Mrs. B. doesn’t know Mr. D. that well, not sure she wants to, although in dim light he’s not half bad. Drunk, they’d fake-tangoed at a mutual friend’s wedding in the hotel ballroom. Then he fuck-danced two of her friends, so she left for the rooftop bar. Soon, his voice. What’s crackalackin’? Grinning like salvation, arms wide, two plastic flutes sloshing champagne. Does that mean he likes me, Mrs. B. puzzles. When she moved to London after the divorce, conversations and crosswords and charades paralyzed her. She hadn’t a clue about who or what or when. When she moved back, she was doubly stumped. She feels safest sticking to her grandfather’s old phrases, rooted in her chest. He crooned rather than spoke, chirped words like crikey and wet your whistle. Phrases flew out of his mouth like starlings heading for telephone wires or half notes on wavy staffs. Close to his cirrhotic end, he joked about the pine overcoat he’d soon be wearing.
Mrs. B. repeats his words to keep him alive, tucks them under her tongue until it’s time to let go. But Keep it under wraps! scared and scarred her, accompanied as it was by scowls and growls when he’d catch her finding him in the basement, sneaking into his bottle. She’ll never utter those words, but she now wraps whatever she can. Before she leaves for work, she casts a protective shimmering light over her studio apartment, herself, and her patent leather bag. Inside that bag, she keeps only objects that are wrapped: butterscotch candies in cellophane, a lipstick in a gold case, credit cards in a zippered pouch. And words, grandpa’s words: hydrant, cycle, tomorrow, or. There are words holding hands: cat’s pajamas, bee’s knees, tickety-boo, chin wag. Her heart, swathed in purple tissue. Everything inside of something, all inside her bag.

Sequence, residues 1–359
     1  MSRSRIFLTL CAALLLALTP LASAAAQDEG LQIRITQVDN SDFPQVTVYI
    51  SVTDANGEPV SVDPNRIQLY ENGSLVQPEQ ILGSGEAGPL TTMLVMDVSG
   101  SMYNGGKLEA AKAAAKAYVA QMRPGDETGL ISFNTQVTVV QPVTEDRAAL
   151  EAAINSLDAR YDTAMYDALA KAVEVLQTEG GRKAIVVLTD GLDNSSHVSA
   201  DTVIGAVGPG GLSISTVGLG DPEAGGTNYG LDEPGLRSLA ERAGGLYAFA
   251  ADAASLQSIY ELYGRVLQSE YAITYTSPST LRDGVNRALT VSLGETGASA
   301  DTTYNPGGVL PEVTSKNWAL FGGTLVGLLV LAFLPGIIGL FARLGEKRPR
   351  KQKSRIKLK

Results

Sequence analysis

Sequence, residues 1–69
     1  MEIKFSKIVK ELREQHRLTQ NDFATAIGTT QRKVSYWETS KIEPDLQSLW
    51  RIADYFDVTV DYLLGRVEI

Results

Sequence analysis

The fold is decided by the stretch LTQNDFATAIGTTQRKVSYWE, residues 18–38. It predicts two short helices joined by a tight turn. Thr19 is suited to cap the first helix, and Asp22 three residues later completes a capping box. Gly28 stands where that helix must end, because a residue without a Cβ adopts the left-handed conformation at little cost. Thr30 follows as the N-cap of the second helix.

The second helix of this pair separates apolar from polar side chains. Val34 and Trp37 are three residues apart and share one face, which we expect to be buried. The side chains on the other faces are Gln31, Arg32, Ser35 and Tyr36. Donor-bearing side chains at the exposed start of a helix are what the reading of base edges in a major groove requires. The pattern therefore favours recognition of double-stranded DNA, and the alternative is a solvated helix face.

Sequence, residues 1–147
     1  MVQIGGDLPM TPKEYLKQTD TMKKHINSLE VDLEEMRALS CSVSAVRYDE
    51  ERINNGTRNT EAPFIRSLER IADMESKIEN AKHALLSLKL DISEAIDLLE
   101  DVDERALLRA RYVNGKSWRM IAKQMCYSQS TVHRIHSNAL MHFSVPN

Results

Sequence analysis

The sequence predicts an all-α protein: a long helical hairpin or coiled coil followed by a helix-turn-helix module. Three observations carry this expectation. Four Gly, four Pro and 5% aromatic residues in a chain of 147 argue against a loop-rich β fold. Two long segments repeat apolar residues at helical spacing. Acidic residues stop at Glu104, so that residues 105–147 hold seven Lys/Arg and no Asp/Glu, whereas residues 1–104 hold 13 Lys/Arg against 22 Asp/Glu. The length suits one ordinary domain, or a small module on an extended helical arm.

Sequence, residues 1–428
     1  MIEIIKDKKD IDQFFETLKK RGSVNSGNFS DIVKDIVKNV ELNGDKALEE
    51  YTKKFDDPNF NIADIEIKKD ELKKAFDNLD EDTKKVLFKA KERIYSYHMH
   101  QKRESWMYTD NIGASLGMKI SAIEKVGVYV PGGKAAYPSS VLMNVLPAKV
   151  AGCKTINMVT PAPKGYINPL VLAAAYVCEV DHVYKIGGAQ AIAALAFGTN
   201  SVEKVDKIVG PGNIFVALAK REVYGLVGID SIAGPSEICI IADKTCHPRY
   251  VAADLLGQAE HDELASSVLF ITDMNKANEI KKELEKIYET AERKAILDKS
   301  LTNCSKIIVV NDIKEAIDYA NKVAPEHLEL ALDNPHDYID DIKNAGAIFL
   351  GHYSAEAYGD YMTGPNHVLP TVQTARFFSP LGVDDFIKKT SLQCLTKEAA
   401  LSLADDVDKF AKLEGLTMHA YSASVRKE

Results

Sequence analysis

Mrs. B. sets her Manhattan back on the bar, takes the flute from Mr. D. She is slow to uncoil, to unhinge her joints, to stretch her leggy bones. She leans back, drinks the scene in with the bubbly—the bar, the fellow, the sliver of moon overhead. Mrs. B. notes Mr. D.’s slicked-back hair, the smell of Bay Rum aftershave, his boutonnière and moonwalk flirtations. Pieces click into place. Crackalackin’ has curled into her ear, nestles there. He’s a fool, but he could be my fool, she thinks, unpeeling her shawl from her shoulders.
work appears in The Ekphrastic Review, MacQueen’s Quinterly, Intima, Thimble Literary Magazine, London Reader, SurVision, Rogue Agent, Popshot Quarterly, The South Shore Review, The Fortnightly Review, Feral, The Phare, Sledgehammer Lit, Flash Boulevard, New World Writing, and elsewhere. She has several Pushcart nominations and one for Best Microfiction 2022.